There are considerably mixed responses to the latest Government ‘recommendations’ where Prime Minister Boris Johnson said: “Go to work if you must, but work from home if you can.”
In a recent article the BBC confirmed that “Just under 36% of workers in Britain did some work from home in 2020, according to the Office for National Statistics (ONS).
In the last week of November, seven in 10 travelled to work at least once.
In the same week, one in seven said they had been working at home and travelling to work.”
It would appear therefore that there is a desire or drive to work with our colleagues within the office, at least for a part of our working week.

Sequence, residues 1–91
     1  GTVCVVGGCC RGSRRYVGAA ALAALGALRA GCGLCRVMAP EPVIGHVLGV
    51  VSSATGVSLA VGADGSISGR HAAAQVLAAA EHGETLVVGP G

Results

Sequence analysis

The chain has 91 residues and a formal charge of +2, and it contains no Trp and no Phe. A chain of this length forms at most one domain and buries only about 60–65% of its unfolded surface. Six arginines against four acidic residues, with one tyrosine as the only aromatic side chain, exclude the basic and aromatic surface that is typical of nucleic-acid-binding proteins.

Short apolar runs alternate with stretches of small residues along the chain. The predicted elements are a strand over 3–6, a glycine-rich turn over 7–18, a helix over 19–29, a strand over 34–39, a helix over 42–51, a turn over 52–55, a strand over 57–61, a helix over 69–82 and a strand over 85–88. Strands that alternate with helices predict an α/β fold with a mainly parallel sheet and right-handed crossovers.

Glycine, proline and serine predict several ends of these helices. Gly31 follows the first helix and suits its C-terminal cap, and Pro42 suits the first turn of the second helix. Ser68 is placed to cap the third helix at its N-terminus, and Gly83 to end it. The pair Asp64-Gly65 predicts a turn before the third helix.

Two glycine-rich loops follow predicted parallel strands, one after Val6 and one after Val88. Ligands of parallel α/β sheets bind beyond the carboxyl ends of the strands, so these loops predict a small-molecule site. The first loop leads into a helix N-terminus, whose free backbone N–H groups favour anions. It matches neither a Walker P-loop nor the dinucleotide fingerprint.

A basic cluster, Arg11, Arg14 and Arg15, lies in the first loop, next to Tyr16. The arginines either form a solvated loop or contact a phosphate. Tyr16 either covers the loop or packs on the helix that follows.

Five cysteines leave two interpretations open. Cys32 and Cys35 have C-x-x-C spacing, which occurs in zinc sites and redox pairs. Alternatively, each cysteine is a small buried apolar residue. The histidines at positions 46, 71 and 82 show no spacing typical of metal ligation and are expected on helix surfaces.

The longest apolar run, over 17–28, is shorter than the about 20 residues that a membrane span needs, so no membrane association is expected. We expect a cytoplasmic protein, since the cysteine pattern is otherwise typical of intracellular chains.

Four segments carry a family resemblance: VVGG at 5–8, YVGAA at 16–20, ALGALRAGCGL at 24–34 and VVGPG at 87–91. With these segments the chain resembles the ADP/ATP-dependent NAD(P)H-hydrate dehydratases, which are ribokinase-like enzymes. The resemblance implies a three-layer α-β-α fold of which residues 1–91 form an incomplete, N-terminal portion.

The BBC also highlighted that “There are also concerns about the mental health impact of working from home.
“I think it’s detrimental, because there’s that social aspect of going to work and seeing your work friends and going for a drink afterwards,” one worker told the Today programme.”
One key requirement that is constant, is the need for managers to be engaged and supporting their teams in delivery of their required duties. This becomes increasingly more complicated with the ever-changing structures within which they’re required to manage.
There is no question also that this co-ordination is a joint responsibility, where we all need to be active in our communication with our colleagues.
Not just for business efficiencies, but our mental wellbeing as well.